A Journey to the Stars: An Interview With Andreas Suika About The Long Journey Home

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The Long Journey Home is an RPG that is set in outer space. This RPG promises to deliver procedurally generated worlds and characters who have distinct personalities. To find out more about the game, I asked Daedalic Entertainment’s Creative Director, Andreas Suika, a few questions about what went into the game’s development, what inspired it, and what the team hopes to deliver to players.

From where did the team draw inspiration when creating The Long Journey Home? What other games and works of science fiction influenced the game?

We started by looking for the kind of intrinsic motivation that everyone, every culture, just “gets.” Like survival games. We don’t need to run around the woods and hunt for food anymore, but we still understand it on a deep-down level. So, we looked for something similar, and immediately liked the idea of finding a way home. It’s a classic story, from The Odyssey to The Martian. But it’s one we can all identify with. We’ve all been lost. We’ve all been homesick. We all have to find our path.

So that’s where we started. Then we started playing with possibilities. Colliding cultures. Messages being lost in translation. We started with a communications prototype based on simple words and concepts instead of full dialogues and multiple choice, where both you and the other participant are trying to understand each other and there’s scope for potentially disastrous misunderstandings.

What scenario fit all this? We’d always wanted to make a Sci-Fi game. All the pieces came together quickly. We took our love of games like Starflight and Star Control, particularly the second game, and got to work. There’s been a lot of piloting and 4x space games over the years, but we missed this kind of more personal adventure. One ship, a crew. Stories. A vivid journey through a cool original universe, but one definitely inspired by some our favourite SF. Farscape. The Fifth Element. Guardians of the Galaxy. Most recently, The Expanse.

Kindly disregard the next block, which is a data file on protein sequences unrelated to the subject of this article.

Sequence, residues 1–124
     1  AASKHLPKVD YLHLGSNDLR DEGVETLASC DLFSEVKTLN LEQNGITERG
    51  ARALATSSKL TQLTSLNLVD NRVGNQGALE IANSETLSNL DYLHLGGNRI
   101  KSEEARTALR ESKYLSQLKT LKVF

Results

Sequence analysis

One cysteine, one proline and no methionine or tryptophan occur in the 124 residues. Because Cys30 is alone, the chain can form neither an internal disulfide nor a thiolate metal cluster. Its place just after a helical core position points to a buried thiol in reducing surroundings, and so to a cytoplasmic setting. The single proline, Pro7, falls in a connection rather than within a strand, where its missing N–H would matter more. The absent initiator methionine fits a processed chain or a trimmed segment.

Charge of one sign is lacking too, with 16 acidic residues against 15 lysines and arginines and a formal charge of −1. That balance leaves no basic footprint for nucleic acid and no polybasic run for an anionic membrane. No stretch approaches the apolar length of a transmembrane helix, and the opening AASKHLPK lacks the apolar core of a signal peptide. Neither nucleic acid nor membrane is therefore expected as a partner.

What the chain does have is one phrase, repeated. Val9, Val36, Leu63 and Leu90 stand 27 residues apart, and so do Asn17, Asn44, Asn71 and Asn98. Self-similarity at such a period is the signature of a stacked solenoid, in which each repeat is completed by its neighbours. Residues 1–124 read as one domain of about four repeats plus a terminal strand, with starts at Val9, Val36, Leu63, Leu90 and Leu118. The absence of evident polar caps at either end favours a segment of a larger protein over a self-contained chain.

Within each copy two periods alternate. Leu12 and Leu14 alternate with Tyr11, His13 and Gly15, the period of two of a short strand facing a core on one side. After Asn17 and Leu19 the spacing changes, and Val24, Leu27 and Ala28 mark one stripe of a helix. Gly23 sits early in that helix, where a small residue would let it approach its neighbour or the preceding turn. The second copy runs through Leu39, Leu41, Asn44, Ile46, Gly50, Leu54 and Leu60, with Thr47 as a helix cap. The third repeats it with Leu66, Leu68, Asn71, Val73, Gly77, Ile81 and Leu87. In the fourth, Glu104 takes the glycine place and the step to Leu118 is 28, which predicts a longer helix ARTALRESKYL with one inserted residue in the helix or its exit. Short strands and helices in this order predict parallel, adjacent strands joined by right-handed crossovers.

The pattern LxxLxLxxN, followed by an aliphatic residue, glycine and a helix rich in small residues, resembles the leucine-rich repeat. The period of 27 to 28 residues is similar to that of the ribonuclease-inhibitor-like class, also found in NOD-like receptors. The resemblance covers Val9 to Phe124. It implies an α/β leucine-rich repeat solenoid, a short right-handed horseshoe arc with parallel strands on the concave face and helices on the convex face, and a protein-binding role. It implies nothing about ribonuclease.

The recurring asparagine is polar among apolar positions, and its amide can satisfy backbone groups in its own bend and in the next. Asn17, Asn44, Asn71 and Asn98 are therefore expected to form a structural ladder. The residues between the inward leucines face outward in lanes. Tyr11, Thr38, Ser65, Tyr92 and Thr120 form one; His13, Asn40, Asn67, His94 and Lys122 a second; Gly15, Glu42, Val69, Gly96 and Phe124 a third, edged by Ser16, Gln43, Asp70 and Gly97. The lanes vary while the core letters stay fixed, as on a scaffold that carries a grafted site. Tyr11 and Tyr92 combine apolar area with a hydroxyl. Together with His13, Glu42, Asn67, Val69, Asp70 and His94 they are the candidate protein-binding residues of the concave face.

What sort of emotions do you want people to feel while playing the game?

As many as possible! The main theme of the game is “finding your way home,” and obviously that’s rooted in homesickness and longing. You mostly see that in the responses of your crew as they talk, share experiences, get to know each other and are tested by the situations they encounter. We want you to care for them. To want to win for them and get them back because you empathise with them.

But the journey itself has to be an adventure, and we don’t want to waste the awesome chance to have your own spaceship and an entire galaxy to play in. Danger is around every corner, but so are great opportunities, new friends, funny moments, dramatic moments. This isn’t a sterile game, and we want the player to feel they’re always exploring the unknown game after game after game.

That’s why we generate a new galaxy, star systems, planets, surfaces and even quests, as well as pick a few different aliens each time. Who you meet, the abilities and personalities of your crew, all of that changes not just what you can do, but the flavor of the journey. Maybe in one game you’ll get the friendlier races and can trade your way back home. In another, it’ll be a hostile galaxy, and you might have to do some things you don’t want to do if you’re going to survive. We think this personality is one of the key pillars that makes the game feel special.

Where there any themes about how humanity deals with the unknown that you wanted to tackle with this game?

Really, it’s more about the player’s journey and how you choose to make your way through the universe. The stories you’ll encounter give you a lot of freedom, but with that comes some tough decisions. Sometimes, they’re moral ones. Do you sacrifice one crewmember so the others have a better chance? Depending on who you have aboard, you might find volunteers willing to give up their freedom for the greater good, or opt to send someone kicking and screaming into alien slavery. The universe will respond, but we won’t stop you. You’re in command. It’s your call.

What makes this even more interesting is when you add the very different… and often very strange… alien cultures. Like we said, communication is a big part of the game. What you say. What you do. What reputation you leave behind. Once you’ve mastered that though, we step back. We have nasty aliens in the game, and it could happen that you reach Earth with just one survivor and the worst aliens of the galaxy your best friends. If players are left asking themselves if it was worth making deals with the devil just for the sake of these four people, that would be very cool. Plunging into a sun at the end of the game to prevent the universe from finding Earth is… well, it’s not how you win! But we’d love to see someone decide that it’s what has to be done.